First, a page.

A Word About DV

Photo courtesy of UN Women
Photo courtesy of UN Women
Photo courtesy of UN Women

Recently more and more journalists have been writing and reporting on domestic violence. I know for myself I am writing at least 2-3 articles a month and have taken on work as a media consultant with NGOs in the sector.

As a journalist, and when working with journalists, I find there are still some grey areas when it comes to talking about domestic violence. Often there are simple questions like whether to use the term victim or survivor, domestic or family violence, or even how to write editorials.

For those who are writing about this subject there are some resources out there to help. The Women’s Centre for Health Matters in the ACT has guides while Our Watch has written something a bit more comprehensive. Then there is the US organization Jane Doe that has also put a paper together on it.

Collectively they can really guide accurate reporting and below are some key features that I’ve often reflected on when writing about domestic violence.

Domestic violence and family violence

When do you name it as domestic violence or family violence? Some believe there is no difference but I have found there is. Family violence relates more to extended kinship and family relationships in Aboriginal and Torres Strait Islander communities. Domestic violence is a term used more for partner, family member or carer violence. It is also called Intimate Partner Violence or IPV however I have seen this term mainly used by academics and researchers.

Victims or survivors

I often struggle with people being victims or survivors of domestic violence. From the guidelines I have read it really depends on the context. Writing about a current event whether that is a homicide, assault or abuse the term victim is used. For those who have left the violence and are rebuilding their lives it is survivor. Where ever possible I always try and ask the subject how they would like to be referred to.

Gendered Violence

Without fail whenever I look at comments that run after an online story on domestic violence there are readers who are at pains to say it is not just women who are victims. And they are right. Males and females perpetrate domestic and family violence, but let’s not lose sight of some important facts here. Statistically women suffer violence by family members and intimate partners at a greater rate than men. The data is there to prove it, this is not a feminist conspiracy – this is gendered violence.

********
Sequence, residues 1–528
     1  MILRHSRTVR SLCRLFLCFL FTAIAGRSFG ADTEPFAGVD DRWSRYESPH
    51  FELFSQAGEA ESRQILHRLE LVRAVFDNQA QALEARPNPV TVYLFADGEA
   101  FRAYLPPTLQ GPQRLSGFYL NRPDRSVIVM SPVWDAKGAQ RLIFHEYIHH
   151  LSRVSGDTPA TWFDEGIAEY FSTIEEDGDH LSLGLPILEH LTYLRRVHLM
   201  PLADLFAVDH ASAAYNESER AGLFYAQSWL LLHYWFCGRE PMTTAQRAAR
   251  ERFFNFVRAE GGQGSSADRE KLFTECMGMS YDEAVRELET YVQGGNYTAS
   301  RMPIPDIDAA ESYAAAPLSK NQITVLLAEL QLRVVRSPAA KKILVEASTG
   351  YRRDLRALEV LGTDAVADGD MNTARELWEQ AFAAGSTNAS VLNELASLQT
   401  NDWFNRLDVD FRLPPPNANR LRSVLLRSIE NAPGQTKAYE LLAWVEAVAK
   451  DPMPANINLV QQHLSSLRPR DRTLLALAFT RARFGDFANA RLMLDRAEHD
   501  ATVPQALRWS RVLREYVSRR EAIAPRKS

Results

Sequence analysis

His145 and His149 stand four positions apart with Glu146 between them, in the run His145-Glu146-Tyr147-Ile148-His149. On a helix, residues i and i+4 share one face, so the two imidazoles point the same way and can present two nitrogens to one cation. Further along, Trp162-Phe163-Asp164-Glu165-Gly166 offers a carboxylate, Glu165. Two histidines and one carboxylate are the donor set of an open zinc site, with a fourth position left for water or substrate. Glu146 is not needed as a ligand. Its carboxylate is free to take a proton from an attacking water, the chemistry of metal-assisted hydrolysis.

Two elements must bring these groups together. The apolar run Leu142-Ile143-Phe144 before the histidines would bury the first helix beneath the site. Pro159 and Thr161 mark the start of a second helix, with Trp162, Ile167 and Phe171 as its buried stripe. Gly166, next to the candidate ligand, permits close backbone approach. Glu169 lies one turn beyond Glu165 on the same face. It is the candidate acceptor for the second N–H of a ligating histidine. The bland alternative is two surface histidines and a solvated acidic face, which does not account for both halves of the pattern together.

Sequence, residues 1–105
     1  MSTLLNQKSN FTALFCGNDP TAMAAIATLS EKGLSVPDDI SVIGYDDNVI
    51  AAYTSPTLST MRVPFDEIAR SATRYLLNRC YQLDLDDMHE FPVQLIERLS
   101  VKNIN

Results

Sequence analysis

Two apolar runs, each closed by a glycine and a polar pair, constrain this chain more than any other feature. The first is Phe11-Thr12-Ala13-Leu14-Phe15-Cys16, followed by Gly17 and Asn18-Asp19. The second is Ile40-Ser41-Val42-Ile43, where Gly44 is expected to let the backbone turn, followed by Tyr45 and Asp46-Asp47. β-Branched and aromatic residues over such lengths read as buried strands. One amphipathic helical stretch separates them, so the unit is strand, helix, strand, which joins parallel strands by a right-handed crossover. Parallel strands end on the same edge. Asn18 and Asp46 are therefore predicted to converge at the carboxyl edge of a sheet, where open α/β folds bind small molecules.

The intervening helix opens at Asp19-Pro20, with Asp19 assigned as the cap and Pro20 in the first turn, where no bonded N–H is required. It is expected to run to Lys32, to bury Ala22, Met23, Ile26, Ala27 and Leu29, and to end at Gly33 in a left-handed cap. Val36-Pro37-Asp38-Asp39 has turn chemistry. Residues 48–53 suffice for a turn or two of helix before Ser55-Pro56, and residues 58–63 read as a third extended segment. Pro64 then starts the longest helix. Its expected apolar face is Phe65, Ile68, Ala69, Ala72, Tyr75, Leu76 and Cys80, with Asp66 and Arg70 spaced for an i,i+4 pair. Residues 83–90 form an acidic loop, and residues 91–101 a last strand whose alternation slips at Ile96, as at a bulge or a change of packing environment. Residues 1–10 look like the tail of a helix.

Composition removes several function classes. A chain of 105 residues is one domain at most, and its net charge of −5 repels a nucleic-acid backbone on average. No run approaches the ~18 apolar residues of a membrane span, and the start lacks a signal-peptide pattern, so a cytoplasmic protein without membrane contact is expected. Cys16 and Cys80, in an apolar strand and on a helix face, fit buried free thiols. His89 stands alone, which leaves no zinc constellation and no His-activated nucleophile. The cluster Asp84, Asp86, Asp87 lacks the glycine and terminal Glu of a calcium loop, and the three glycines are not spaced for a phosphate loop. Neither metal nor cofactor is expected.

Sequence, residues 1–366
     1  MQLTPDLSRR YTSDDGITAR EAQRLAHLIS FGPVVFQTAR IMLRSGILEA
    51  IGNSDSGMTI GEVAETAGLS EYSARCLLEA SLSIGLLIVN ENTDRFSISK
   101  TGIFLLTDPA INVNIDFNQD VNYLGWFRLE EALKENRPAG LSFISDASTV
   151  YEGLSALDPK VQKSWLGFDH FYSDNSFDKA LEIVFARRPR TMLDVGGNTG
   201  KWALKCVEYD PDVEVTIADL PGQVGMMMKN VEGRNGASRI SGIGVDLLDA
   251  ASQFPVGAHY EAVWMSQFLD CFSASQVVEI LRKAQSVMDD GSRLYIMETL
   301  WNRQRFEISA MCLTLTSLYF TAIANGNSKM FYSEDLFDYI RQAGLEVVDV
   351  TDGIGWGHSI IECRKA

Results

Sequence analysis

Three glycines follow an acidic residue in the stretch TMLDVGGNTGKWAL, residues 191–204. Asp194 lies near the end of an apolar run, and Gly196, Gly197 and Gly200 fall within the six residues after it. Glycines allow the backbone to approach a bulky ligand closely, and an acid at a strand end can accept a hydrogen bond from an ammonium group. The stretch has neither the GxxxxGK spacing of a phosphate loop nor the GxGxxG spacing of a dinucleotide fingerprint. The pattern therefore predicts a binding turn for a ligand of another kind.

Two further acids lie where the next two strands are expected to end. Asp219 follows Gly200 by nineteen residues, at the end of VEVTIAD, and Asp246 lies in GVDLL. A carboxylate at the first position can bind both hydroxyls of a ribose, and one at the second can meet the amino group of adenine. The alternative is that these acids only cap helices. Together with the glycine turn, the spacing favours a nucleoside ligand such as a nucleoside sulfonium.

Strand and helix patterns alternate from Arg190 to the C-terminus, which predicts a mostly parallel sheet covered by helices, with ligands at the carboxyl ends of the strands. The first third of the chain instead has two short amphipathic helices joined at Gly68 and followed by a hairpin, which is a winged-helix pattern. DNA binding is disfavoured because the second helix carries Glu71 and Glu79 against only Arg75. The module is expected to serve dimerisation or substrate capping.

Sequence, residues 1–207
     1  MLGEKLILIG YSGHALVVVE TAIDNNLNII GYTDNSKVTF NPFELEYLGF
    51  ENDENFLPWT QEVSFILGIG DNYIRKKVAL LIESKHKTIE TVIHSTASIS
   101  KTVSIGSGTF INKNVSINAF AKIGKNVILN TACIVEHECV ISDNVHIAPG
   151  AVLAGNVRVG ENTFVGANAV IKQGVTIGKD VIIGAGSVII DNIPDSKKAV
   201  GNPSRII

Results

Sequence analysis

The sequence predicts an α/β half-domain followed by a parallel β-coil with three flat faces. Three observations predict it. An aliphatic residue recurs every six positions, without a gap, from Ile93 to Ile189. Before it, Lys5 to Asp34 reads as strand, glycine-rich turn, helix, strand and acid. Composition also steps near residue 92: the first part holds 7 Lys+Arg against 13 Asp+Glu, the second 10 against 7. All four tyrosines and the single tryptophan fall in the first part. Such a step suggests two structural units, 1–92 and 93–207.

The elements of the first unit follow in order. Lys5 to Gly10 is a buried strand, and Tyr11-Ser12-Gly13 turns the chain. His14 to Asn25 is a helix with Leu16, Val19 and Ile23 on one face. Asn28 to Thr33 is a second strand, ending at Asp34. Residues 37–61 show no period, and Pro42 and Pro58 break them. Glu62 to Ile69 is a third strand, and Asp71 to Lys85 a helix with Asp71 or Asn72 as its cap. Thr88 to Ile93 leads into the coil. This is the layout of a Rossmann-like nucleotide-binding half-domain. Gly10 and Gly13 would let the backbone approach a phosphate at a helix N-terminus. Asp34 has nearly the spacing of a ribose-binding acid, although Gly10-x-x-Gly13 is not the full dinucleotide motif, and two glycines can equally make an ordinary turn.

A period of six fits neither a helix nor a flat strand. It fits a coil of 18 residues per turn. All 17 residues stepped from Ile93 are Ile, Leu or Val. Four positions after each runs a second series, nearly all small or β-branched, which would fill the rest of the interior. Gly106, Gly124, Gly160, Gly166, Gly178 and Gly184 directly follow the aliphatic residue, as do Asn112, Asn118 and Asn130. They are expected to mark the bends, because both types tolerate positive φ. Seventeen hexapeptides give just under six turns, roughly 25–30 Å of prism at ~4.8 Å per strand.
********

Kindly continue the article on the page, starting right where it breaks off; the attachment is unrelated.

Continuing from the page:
Putting a face to a name

For so long women have been quiet about abuse and when there is a serious crime they turn in to just another statistic. One in three women. Yet when we see a face of a woman who reminds us of someone we know or could know it changes our perspective. We are constantly reminded that domestic violence does not discriminate by age, class or ethnicity. Seeing the faces of women who have been murdered makes it a home truth. But as this news editor points out, that’s not always possible.

Victim blaming

Why doesn’t she just leave? What does she see in him? How could she put up with that? She, she, she. When we try and examine all the reasons behind domestic violence we often put the focus on the victim rather than the perpetrator. Never do we ask, why didn’t he just leave? Why can’t he control his behavior? Why didn’t he get help? If we started to put more focus on perpetrator’s behavior we may understand more about domestic violence than we currently do.

Talk to the experts

As writers and bloggers it is so easy to dish out advice but when it comes to a complex issue such as this we should in no way assume we have the answers. I have learnt so much by talking to social workers, academics, spending time in crisis call centres and shelters. Every time I do that I learn something new, which informs how I report and write about domestic violence.

Stats, stats and stats

People can water down the idea that domestic violence is an epidemic. It is one of our most under reported, yet most prolific crimes in our society. The statistics about violence against women are alarming, and that is just what we know. I shudder to think about what we don’t know. Research in this field has been going on for decades and it is growing. By not only reporting the data but understanding it we are able to as a society get a more rounded view of the seriousness of the situation.

Keep victims safe

When women leave a violent relationship they are at their most vulnerable and at most risk. It is important that when writing a personal story a woman’s safety is kept in mind at all times. Do not reveal details that could identify her, her perpetrator, where she lives or what she does for a living. If an editor can’t help you with anonymity it may be worth educating them more about stalking and homicide than asking your subject to compromise.

Finding help

We never write about suicide without the number of Lifeline appearing at the end of the piece so why not do the same for domestic violence. Australia has a national hotline it is called 1800 RESPECT and we should use it. You may not realise it but what you are writing can either be a trigger for someone’s trauma or conversely inspire them to get help. It is our responsibility to make sure we don’t leave them hanging or without support.